Cinereous vulture return in Rhodope Mountains takes another step forward

July 5, 2023

In the middle of June, a second group of cinereous vultures were translocated to the Rhodope Mountains rewilding landscape in Bulgaria. Their arrival and eventual release is the next step in a long-term programme to re-establish these ecologically important birds as a breeding species.

New arrivals: the 13 cinereous vultures reach their final destination after travelling more than 3,000 kilometres from Spain.
Ivo Viktorov Danchev


Raptor’s return

Following the groundbreaking release of 14 cinereous (black) vultures in the Rhodope Mountains of Bulgaria in November 2022, another group of 13 vultures arrived in the local rewilding landscape in the third week of June. The birds are being housed in a specially built adaptation aviary until the autumn, when they will be set free to join the birds released last year. The vultures are expected to form a colony together, as this keystone species gradually re-establishes itself within the local ecosystem.


The vultures settle in to their adaptation aviary, with fresh carrion attracting a few curious glances.
Ivo Viktorov Danchev

The cinereous vulture has been extinct as a breeding species in Bulgaria’s Eastern Rhodope Mountains since 1993 – it is hoped that the released birds will soon nest and raise offspring.  As part of the rewilding vision for the local landscape, the return of Europe’s heaviest and largest raptor promises to restore a vital part of the circle of life. The restoration of food chains by the Rewilding Rhodopes team – which also involves the return of European bison, red and fallow deer and semi-wild horses – will enhance the health and resilience of the Rhodopean landscape. The presence of the vultures will also support the further development of nature-based tourism, delivering economic benefits to local communities.


The road to recovery

The cinereous vulture once lived across most of Europe, but numbers have declined dramatically over the last 200 years, largely as a result of poisoning and a decline in the availability of food. This has left fragmented populations clinging on, with 3,000 pairs in Spain, 35 pairs in France  (reintroduced), 35 pairs in Greece, and 35 pairs in Portugal (natural recolonisation), as well as newly formed breeding colonies in Bulgaria’s Stara Planina (Balkan) Mountains. The reintroduction programme in the Eastern Rhodopes is another step forward in ensuring these iconic and ecologically important birds once again soar across the breadth of European skies.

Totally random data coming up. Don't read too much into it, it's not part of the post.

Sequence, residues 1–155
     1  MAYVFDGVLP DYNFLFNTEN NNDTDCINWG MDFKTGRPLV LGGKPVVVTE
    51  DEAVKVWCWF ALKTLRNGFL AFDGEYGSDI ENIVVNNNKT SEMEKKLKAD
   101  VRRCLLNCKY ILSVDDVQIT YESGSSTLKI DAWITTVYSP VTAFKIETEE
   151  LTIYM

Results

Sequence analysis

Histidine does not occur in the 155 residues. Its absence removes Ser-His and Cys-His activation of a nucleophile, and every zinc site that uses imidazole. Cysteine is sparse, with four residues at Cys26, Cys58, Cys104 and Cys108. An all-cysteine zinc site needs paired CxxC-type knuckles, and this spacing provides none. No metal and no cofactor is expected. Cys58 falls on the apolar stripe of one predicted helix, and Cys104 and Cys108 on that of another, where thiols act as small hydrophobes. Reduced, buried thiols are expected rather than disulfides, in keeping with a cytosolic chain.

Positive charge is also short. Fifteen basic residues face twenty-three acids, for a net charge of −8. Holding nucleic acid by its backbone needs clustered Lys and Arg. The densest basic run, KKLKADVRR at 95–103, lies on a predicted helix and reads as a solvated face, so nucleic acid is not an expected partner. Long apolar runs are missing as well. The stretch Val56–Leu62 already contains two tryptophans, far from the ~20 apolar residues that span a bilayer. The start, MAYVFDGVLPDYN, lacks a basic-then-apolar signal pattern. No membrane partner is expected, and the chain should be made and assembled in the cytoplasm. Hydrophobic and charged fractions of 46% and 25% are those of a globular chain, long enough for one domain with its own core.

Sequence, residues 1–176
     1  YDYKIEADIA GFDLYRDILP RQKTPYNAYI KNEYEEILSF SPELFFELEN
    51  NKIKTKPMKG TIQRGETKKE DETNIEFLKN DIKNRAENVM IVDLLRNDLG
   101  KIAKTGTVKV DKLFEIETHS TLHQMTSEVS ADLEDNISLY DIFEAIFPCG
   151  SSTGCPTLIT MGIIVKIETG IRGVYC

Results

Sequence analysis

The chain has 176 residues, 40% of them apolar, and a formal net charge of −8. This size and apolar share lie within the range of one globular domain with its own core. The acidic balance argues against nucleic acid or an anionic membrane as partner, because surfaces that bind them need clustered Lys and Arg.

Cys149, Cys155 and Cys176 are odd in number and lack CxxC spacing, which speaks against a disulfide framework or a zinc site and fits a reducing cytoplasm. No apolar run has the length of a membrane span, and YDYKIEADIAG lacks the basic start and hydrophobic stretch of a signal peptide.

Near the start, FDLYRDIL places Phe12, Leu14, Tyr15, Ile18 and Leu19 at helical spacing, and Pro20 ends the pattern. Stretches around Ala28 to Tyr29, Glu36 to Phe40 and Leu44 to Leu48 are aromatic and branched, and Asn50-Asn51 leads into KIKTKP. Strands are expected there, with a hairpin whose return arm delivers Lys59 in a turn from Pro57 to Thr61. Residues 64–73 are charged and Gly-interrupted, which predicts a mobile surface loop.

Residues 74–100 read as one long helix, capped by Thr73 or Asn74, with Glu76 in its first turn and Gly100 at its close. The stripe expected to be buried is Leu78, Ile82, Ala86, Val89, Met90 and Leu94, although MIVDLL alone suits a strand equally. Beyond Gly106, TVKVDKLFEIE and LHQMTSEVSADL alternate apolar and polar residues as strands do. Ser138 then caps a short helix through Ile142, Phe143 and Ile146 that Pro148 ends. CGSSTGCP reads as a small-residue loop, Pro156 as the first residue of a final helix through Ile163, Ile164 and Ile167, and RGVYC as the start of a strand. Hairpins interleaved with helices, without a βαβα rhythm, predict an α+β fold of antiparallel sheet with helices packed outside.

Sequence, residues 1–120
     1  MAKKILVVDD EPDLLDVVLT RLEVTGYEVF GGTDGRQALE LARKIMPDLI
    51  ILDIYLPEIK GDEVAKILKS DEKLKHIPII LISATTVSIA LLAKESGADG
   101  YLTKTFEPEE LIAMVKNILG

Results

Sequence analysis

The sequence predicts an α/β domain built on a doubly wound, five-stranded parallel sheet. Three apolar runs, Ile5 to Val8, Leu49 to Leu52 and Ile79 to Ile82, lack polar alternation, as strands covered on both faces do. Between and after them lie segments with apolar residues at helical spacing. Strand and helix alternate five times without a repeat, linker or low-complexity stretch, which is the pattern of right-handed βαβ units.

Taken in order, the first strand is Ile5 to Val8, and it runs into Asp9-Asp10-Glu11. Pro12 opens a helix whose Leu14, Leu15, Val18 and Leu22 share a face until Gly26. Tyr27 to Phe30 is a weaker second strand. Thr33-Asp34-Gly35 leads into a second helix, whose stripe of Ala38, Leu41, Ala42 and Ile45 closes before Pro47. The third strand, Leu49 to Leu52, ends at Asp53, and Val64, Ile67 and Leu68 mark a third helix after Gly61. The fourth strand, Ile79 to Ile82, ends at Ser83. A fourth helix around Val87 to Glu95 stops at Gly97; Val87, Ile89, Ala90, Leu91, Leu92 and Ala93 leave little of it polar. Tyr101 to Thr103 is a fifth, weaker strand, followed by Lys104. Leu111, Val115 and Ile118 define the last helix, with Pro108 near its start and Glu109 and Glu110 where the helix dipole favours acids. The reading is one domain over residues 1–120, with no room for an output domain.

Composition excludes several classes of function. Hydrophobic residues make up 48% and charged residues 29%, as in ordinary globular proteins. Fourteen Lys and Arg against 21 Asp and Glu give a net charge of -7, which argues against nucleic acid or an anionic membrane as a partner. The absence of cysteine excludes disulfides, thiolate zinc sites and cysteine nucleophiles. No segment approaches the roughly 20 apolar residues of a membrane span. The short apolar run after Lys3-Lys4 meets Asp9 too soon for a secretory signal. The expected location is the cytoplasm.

Most of the cinereous vultures released in 2022 are doing well and have adjusted to life in the Eastern Rhodopes, although the loss of several birds highlights the outstanding challenges of raptor rewilding in the Balkans. The Rewilding Rhodopes team have constructed 13 artificial nests to encourage the birds to stay in the area and breed, and are gaining insight into the behaviour of the birds through GPS transmitters. The knowledge and expertise gained by the team should prove invaluable as the reintroduction programme continues.

The previously released birds have successfully socialised with the other two vulture species in the area (Egyptian and griffon vultures), and are feeding together and making longer journeys, both within Bulgaria and further afield.


A step closer to freedom: the first vulture is released into its new home for the next few months.
Ivo Viktorov Danchev


Long-term programme

The cinereous vulture recovery programme in the Rhodope Mountains is being carried out by the Bulgarian Society for the Protection of Birds (BSPB), in cooperation with the Rewilding Rhodopes team, and is being funded by Rewilding Europe. The birds were provided by the Spanish NGO GREFA (Grupo de Rehabilitación de la Fauna Autóctona), which has been working for years to rescue and rehabilitate injured wild birds. It took almost three days to transport the vultures the 3,300 kilometres from Spain to the Rhodopes.


Happy vultures – happy people! The team pose after a 3,300 kilometre journey and job well done.
Ivo Viktorov Danchev


After their arrival the vultures were carefully transferred into individual shipping boxes and transported to the aviary. The birds are being closely monitored to ensure their adaptation is proceeding normally and that they remain in good condition.

The ongoing cinereous vulture reintroduction programme will see six to 10 birds released annually in the Eastern Rhodopes over the next few years. The establishment of a colony in the Eastern Rhodopes will support the survival of the species in the Balkans – an exchange of birds is expected with the last surviving breeding colony of about 25 to 30 pairs in Dadia National Park in Greece, and with the new colonies in the Stara Planina (Balkan) Mountains.


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